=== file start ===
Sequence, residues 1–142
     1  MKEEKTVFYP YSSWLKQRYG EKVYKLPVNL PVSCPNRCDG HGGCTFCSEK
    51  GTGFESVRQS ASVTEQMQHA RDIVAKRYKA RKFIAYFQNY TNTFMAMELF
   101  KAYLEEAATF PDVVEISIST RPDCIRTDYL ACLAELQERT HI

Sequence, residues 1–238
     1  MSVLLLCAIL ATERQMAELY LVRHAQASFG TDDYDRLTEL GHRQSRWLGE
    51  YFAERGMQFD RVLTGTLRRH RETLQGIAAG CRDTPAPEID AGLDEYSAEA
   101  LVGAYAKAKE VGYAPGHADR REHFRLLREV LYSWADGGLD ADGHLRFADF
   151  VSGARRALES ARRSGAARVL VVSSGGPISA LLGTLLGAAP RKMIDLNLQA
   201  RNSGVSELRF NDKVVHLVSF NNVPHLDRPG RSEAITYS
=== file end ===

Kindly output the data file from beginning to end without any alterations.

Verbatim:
Sequence, residues 1–142
     1  MKEEKTVFYP YSSWLKQRYG EKVYKLPVNL PVSCPNRCDG HGGCTFCSEK
    51  GTGFESVRQS ASVTEQMQHA RDIVAKRYKA RKFIAYFQNY TNTFMAMELF
   101  KAYLEEAATF PDVVEISIST RPDCIRTDYL ACLAELQERT HI

Sequence, residues 1–238
     1  MSVLLLCAIL ATERQMAELY LVRHAQASFG TDDYDRLTEL GHRQSRWLGE
    51  YFAERGMQFD RVLTGTLRRH RETLQGIAAG CRDTPAPEID AGLDEYSAEA
   101  LVGAYAKAKE VGYAPGHADR REHFRLLREV LYSWADGGLD ADGHLRFADF
   151  VSGARRALES ARRSGAARVL VVSSGGPISA LLGTLLGAAP RKMIDLNLQA
   201  RNSGVSELRF NDKVVHLVSF NNVPHLDRPG RSEAITYS